• Procrastination
  • Self doubt

Taking on

  • Definite action
  • Writing something everyday and publishing it here (Like this!)
  • Following opportunities God puts in my path with faith and not doubt/ insecurity
  • Excercise 30 mins a day (Gym, a walk, dance, Pilates)

In 40n days I don’t want to be this brand new unrecognisable person. In 40 days I want to recognise myself because I am the me who has been living in my head for the last 37 years. A me who is doing me happily, not that is a life worth living!

If you are going through a period of transformation in whatever form tell me about it and let’s support each other!

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Goals, Resolutions, Ambitions Oh My!

This year I am approaching the obligatory resolution writing and goal setting with care. I started 2015 with a good list of ambitious and life transforming resolutions. I also created my goals and, because I am serious about these things, discussed them with my support system to ensure my goals were Specific, Measurable, Achievable, Realistic and Timed. Yes I had a fine set of SMART goals, a list of eloquent resolutions and I was ready to show 2015 a thing or two (well six).

So a year later as I look back I have my beautiful, structured goals and resolutions, I also have a year of reflections  that I still have to shake my head and revisit because life most definitely did not go to plan.

What does that mean? Do I throw away my goals and not bother with resolutions? What is the take away here? Ok so my lesson learnt was to steer away from narrow specifics that hedge you in and narrow your sight to new or alternative routes and possibilities. Rather, target the essence of what you want to achieve. What do I mean? Here is an example from my own experience.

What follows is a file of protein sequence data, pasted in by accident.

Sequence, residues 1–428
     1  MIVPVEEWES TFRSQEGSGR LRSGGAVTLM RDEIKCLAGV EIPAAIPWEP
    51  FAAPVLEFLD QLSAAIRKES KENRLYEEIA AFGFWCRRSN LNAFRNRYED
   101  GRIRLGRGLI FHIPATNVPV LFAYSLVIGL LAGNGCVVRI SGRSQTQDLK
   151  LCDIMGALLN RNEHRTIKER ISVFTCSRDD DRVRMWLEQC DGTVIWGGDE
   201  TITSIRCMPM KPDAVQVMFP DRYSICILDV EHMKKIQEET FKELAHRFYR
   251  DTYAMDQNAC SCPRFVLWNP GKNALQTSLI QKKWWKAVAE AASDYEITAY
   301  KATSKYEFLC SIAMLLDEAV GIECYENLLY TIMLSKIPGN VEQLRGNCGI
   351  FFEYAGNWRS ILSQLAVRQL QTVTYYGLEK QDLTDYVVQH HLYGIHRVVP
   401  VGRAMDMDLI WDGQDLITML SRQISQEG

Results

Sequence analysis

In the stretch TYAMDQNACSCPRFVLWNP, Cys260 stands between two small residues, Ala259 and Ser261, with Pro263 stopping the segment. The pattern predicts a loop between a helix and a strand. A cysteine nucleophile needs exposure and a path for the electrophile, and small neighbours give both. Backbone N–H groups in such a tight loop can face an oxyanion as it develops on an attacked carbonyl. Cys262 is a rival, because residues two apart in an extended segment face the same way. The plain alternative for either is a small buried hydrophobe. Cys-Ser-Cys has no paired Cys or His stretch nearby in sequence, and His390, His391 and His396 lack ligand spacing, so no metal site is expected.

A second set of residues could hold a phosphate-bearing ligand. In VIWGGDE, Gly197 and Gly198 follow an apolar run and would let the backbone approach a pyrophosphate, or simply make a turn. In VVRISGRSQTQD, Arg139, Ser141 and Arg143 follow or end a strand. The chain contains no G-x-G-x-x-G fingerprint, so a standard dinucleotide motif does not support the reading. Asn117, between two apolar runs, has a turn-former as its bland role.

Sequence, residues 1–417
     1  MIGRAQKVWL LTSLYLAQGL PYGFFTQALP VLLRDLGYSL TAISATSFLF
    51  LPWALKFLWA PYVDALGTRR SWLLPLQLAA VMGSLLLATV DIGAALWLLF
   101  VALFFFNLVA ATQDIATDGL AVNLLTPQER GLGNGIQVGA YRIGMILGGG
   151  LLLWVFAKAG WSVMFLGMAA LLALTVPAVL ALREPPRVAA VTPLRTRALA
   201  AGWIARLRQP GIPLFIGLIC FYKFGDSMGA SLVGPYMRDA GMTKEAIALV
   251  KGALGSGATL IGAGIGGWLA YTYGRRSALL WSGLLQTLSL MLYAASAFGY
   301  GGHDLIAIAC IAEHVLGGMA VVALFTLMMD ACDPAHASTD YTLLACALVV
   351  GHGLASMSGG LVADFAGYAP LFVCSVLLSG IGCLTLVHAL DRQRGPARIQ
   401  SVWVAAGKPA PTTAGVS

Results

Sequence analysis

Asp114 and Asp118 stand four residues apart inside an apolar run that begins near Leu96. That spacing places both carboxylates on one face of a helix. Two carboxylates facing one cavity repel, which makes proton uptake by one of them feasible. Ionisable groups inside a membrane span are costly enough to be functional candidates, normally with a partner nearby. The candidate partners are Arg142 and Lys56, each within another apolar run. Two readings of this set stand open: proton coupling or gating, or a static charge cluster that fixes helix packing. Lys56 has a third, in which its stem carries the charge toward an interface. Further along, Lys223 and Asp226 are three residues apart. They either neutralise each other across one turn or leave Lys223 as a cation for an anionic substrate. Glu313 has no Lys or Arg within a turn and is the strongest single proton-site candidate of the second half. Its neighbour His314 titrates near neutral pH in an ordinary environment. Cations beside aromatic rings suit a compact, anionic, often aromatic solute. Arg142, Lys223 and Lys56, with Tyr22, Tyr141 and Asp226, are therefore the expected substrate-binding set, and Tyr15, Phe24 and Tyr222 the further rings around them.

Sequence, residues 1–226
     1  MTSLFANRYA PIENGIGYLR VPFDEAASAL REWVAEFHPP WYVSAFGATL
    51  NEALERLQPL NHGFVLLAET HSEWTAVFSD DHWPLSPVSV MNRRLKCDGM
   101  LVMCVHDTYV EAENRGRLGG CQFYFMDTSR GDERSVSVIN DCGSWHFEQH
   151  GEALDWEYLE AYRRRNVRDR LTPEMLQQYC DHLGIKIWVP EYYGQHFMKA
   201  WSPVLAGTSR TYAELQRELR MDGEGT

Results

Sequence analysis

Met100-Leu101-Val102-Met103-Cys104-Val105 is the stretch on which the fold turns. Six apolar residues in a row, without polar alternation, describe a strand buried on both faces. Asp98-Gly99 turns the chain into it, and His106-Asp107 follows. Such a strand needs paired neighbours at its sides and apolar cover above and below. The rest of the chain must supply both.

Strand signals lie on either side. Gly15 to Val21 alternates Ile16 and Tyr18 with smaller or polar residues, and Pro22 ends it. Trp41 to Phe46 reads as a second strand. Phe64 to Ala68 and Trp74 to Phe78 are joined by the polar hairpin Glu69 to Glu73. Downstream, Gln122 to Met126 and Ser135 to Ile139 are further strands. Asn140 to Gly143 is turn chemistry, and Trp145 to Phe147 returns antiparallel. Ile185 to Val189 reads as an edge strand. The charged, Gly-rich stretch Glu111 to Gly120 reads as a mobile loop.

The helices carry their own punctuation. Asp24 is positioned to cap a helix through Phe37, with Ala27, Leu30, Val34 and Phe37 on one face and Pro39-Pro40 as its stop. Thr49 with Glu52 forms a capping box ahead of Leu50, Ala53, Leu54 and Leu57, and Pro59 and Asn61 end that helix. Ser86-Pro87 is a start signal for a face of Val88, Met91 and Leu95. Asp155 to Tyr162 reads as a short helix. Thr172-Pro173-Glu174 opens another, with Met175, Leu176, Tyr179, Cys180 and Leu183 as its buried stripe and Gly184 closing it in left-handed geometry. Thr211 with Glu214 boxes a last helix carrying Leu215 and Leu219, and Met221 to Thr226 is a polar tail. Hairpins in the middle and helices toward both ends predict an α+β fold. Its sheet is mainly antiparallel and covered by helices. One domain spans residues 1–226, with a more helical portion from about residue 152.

At the beginning of the year I knew I wanted to work in more African countries so I could learn more and develop my knowledge and expertise in diaspora issues . I narrowed in on the job and the company I wanted, they approached me, it all seemed so perfect until it just fell apart and I still have no idea why.

In its place I was offered another job that on the face of it was good but not quite the initial role. In the end I took the second offer and six months on it is more than I wanted when I had my grand plan. Not perfect and not in the form I had thought it would happen but exactly what I needed. I reached that particular journeys end but the route was not as I would have chosen.

Have your end journey in mind but don’t tie yourself rigidly to the route, in the end doing that can make the journey harder or take you completely off your course. So as we are here at another burgeoning new beginning, think about where you would love to be on the 31st December 2016. Imagine you are looking back at 2016 in wonder at how the year turned out for you. No limits, no boundaries – the how will open itself up to you as long as you are brave enough to follow. What you need to be clear about is WHAT you want, be clear on that and then start your journey to making it happen!

I wish you all the best for your 2016. I advise you to

  • Take yourself seriously
  • Research and pay for assistance/ advice
  • Believe that what you want will happen for you…eventually (Patience + Focus = Success)